Caring for a loved one with dementia

Caring for a loved one who has dementia, although extremely rewarding and something you wouldn’t have any other way, can be both physically and emotionally exhausting. As the amount of care a person needs increases, so do the demands placed on their carer.

Even though your number one priority may be the person you are caring for, it is imperative when caring for someone with dementia, that you look after yourself and consider your needs too. You can’t care for someone else if you’re not looking after yourself and caring will only become increasingly more difficult.

Carers of those with dementia often experience feelings of isolation, stress and even depression as they generally put the physical and mental health needs of the person they are caring for, before their own.

Every day is different and some days may be more challenging than others, it is important to remember that as much as the person you are caring for needs your support, you need support too.

How to take care of yourself whilst caring for your loved one with dementia:

Take breaks – Many carers find that taking regular breaks mean they can recharge and avoid total exhaustion. Respite care can be informal, such as asking family or friends to step in and take over the caring responsibilities for a period of time (this may be an hour, a day, or a week etc.) or can be formally provided through respite services. Respite or short term care also gives your loved one chance to socialise with someone else.

Support groups – Dementia Australia offers a range of support groups for carers, friends and family of those with dementia. This gives carers an opportunity to share common experiences in an understanding space.

Find time to do you – Caring may be a full-time job, but it’s important to remember what you enjoy doing when you’re not caring for your loved one, and find time to do those things. Whether it be exercising, playing a sport, cooking, watching movies or catching up with friends – whatever it is, it’s important to schedule regular time to do the things you enjoy most.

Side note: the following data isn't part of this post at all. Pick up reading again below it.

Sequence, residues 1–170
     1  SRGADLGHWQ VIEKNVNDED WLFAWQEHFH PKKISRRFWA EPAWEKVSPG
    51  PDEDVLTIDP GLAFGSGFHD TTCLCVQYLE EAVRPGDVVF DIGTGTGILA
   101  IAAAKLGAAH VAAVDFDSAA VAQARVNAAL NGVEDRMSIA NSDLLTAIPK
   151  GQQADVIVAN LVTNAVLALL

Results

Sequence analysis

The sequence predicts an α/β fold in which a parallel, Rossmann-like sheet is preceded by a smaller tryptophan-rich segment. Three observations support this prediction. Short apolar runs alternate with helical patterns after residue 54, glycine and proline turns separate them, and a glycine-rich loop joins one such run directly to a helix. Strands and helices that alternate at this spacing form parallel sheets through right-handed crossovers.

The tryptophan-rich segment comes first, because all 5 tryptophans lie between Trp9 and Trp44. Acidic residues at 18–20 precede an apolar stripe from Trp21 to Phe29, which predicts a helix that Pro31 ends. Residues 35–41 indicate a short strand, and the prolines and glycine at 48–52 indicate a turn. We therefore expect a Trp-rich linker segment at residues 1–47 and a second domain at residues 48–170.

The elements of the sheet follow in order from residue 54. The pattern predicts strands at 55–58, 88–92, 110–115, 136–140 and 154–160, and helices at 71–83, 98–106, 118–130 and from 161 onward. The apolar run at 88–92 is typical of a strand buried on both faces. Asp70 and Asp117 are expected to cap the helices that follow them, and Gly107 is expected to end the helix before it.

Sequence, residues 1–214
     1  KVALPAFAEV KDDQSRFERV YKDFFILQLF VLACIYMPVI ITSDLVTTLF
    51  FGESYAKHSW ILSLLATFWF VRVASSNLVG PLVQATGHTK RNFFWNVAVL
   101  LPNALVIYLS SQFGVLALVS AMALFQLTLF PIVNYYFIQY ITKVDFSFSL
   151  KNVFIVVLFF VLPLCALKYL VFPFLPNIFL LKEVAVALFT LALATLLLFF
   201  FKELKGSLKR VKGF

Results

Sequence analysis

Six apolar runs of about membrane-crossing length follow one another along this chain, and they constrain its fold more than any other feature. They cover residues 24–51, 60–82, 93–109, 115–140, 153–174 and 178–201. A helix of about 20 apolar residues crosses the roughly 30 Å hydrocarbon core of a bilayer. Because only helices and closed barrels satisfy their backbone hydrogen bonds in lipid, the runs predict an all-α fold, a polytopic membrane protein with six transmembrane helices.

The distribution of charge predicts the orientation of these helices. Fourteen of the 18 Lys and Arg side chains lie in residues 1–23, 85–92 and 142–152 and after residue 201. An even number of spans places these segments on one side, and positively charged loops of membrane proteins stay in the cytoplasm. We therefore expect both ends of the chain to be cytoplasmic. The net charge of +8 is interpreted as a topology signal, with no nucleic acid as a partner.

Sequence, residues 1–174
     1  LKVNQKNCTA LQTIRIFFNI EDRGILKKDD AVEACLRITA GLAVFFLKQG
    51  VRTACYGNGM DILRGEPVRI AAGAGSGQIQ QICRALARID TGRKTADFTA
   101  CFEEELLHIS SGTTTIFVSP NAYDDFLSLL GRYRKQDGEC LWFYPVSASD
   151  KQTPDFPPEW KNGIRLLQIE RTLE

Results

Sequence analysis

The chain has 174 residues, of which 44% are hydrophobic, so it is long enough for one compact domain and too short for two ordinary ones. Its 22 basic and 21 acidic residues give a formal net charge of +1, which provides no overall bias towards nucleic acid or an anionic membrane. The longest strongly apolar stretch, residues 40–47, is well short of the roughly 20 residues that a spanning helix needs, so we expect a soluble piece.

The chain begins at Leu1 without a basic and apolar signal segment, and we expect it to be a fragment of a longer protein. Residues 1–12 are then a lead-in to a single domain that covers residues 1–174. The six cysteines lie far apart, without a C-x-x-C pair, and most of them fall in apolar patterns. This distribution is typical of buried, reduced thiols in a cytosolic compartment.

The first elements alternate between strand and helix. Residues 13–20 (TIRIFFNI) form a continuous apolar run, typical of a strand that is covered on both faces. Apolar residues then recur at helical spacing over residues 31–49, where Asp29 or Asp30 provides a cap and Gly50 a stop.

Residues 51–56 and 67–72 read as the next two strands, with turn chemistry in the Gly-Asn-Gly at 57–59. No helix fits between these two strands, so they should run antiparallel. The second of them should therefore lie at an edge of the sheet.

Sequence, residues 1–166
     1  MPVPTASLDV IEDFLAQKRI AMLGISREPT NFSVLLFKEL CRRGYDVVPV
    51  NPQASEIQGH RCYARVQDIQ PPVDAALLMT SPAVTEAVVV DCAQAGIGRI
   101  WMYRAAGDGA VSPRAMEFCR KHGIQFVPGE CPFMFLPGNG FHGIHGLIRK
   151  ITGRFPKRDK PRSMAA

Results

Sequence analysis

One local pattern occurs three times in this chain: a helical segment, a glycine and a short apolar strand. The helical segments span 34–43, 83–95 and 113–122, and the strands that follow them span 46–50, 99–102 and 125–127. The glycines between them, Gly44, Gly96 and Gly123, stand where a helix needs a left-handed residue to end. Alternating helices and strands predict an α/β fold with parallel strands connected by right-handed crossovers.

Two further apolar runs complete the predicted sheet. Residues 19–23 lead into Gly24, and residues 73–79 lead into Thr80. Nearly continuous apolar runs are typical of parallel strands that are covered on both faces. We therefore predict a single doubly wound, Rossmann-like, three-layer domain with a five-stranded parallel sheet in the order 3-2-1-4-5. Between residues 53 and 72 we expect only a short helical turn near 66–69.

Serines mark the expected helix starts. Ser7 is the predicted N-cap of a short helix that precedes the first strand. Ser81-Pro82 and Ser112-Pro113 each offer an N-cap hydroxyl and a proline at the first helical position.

Confront your feelings – Carers often feel guilty, especially when taking breaks or going about their own leisure activities. If you are having feelings of guilt or anxiety, it is important to talk these over with a friend, family member or allied health professional. It is important to confront these feelings so you can go about your daily life, when not being a carer, and enjoy your own time. This will, in turn, make you a better carer.

Know your limits and ask for help – Don’t be afraid to ask for help, whether this be from allied health professionals, other family members, or someone who has experienced caring for someone with dementia. This may even be asking if someone can help with the shopping or the housework. Being a carer is extremely demanding and there is always support available, even if you feel like you are on your own.

The bottom line is that to give the best possible care to your loved one, you have to ensure you are still taking care of your own needs, and prioritising your life too. It is extremely important to continue partaking in activities and exploring interests that you enjoy outside of the role of caring. You have to remember; the person you are caring for would ultimately want you to look after yourself too. It is essential for your physical and mental health and wellbeing, and will make you a better carer!

Related content: Dementia care

References:

https://www.alzheimers.org.uk/info/20046/help_with_dementia_care/79/carers_looking_after_yourself/2

https://www.betterhealth.vic.gov.au/health/conditionsandtreatments/dementia-taking-care-of-carers

https://www.healthdirect.gov.au/respite-care-for-carers-of-people-with-dementia

https://qld.fightdementia.org.au/qld/support-and-services/services-and-programs/carer-support-groups-qld

 

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